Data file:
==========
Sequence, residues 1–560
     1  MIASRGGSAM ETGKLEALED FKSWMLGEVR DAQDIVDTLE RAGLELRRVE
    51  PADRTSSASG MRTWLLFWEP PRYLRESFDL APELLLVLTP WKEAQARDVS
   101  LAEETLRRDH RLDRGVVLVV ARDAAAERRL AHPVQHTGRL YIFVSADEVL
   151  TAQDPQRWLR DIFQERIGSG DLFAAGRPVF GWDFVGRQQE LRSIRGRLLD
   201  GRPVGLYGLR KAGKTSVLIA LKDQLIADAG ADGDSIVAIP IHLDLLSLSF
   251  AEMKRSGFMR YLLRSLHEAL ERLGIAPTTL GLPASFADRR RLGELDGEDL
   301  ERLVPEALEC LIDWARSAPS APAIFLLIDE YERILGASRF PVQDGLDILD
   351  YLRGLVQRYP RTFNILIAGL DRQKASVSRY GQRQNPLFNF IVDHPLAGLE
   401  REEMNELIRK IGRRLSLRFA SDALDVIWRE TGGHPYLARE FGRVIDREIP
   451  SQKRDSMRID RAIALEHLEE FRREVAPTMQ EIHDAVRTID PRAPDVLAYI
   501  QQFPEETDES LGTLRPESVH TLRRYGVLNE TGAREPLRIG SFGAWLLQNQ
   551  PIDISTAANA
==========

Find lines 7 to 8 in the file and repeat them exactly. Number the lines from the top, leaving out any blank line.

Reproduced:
   251  AEMKRSGFMR YLLRSLHEAL ERLGIAPTTL GLPASFADRR RLGELDGEDL
   301  ERLVPEALEC LIDWARSAPS APAIFLLIDE YERILGASRF PVQDGLDILD